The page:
The Hidden History of Shuai Jiao - Part One

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The Hidden History of Shuai Jiao - Part One

Postby wushutiger on Sat Aug 07, 2021 5:36 am

The Hidden History of Shuai Jiao is a multi-part series that will present the history of modern Chinese Shuai Jiao, examining the commonly spread history to separate fact from fiction through the lens of evidence, history, and logic.

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Re: The Hidden History of Shuai Jiao - Part One

Postby GrahamB on Sat Aug 07, 2021 12:08 pm

Excellent work Byron.
I could be wrong.
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Re: The Hidden History of Shuai Jiao - Part One

Postby Doc Stier on Sat Aug 07, 2021 12:25 pm

Nicely done! 8-)
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Re: The Hidden History of Shuai Jiao - Part One

Postby Finny on Sat Aug 07, 2021 2:02 pm

Haven't yet, but looking forward to checking this out - thanks Byron!
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Re: The Hidden History of Shuai Jiao - Part One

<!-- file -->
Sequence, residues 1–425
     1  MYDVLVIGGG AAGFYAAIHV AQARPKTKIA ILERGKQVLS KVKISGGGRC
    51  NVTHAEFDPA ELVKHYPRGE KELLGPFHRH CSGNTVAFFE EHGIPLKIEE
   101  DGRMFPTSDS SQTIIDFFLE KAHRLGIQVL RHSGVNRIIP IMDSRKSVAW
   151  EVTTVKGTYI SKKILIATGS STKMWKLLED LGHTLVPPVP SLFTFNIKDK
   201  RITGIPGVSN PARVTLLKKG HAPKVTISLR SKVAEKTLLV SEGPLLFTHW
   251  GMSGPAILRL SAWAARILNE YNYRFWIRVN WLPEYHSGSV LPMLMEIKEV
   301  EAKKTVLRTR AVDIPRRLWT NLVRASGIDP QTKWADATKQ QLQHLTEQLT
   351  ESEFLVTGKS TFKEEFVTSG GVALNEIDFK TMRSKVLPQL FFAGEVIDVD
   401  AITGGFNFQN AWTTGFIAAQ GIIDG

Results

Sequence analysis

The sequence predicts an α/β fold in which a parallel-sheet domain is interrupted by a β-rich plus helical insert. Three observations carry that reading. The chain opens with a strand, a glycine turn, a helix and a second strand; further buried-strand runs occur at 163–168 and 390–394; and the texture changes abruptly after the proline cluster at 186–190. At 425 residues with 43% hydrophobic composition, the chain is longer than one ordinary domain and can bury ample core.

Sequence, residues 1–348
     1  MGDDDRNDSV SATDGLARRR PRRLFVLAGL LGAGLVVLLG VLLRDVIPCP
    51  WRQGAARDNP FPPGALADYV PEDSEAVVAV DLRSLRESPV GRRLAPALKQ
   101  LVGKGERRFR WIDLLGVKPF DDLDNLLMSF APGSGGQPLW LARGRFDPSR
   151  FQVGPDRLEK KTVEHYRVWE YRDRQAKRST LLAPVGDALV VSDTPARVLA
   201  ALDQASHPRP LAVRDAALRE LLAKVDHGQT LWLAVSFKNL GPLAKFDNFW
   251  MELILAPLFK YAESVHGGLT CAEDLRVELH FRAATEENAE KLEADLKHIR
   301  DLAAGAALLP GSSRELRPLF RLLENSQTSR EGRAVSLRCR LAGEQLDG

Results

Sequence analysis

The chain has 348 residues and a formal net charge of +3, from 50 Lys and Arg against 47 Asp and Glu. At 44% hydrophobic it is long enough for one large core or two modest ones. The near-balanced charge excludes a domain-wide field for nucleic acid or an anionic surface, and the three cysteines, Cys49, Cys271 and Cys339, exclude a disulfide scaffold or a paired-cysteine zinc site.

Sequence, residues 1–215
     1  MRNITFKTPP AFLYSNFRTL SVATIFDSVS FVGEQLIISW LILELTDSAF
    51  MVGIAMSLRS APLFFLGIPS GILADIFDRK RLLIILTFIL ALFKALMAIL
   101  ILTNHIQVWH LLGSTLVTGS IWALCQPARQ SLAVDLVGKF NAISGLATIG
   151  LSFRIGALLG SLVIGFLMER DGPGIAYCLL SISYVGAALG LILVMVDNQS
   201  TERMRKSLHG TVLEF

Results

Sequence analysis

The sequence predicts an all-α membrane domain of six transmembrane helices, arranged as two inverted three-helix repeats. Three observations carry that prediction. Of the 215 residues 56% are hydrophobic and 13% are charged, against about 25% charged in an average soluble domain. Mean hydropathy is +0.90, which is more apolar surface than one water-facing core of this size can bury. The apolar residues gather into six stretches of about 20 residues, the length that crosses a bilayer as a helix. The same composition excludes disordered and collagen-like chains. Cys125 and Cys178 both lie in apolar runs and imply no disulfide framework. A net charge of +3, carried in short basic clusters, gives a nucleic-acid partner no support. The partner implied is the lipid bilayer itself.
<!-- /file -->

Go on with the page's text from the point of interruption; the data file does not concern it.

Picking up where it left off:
Postby GrahamB on Sun Aug 08, 2021 1:34 am

I think the jackets are a big clue as to where the real origins of Shuai Jiao lie.
I could be wrong.
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Re: The Hidden History of Shuai Jiao - Part One

Postby Doc Stier on Sun Aug 08, 2021 12:14 pm

GrahamB wrote:I think the jackets are a big clue as to where the real origins of Shuai Jiao lie.

Of course you do. ;) :P
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Re: The Hidden History of Shuai Jiao - Part One

Postby GrahamB on Sun Aug 08, 2021 11:28 pm

?
I could be wrong.
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Re: The Hidden History of Shuai Jiao - Part One

Postby Steve James on Mon Aug 09, 2021 7:20 am

Ok, I give. What's the story/history on gi sleeve lengths?
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Re: The Hidden History of Shuai Jiao - Part One

Postby GrahamB on Mon Aug 09, 2021 9:09 am

He's going over where it really comes from in part 2.

Part 1 seems to be about busting the myth that "Shuai Jiao" is ancient.
I could be wrong.
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Re: The Hidden History of Shuai Jiao - Part One

Postby Steve James on Mon Aug 09, 2021 11:36 am

Oh, I got his argument that there's no clear linenage or tradition of shuai jiao (as a martial art) going back to the Yellow Emperor, etc. Of course, since people have been practicing some form of wrestling since that time, its a comes down to the definition of "martial art."

The jacket style is interesting. And, why do traditional Mongolian wrestlers wear sleeves but no gi?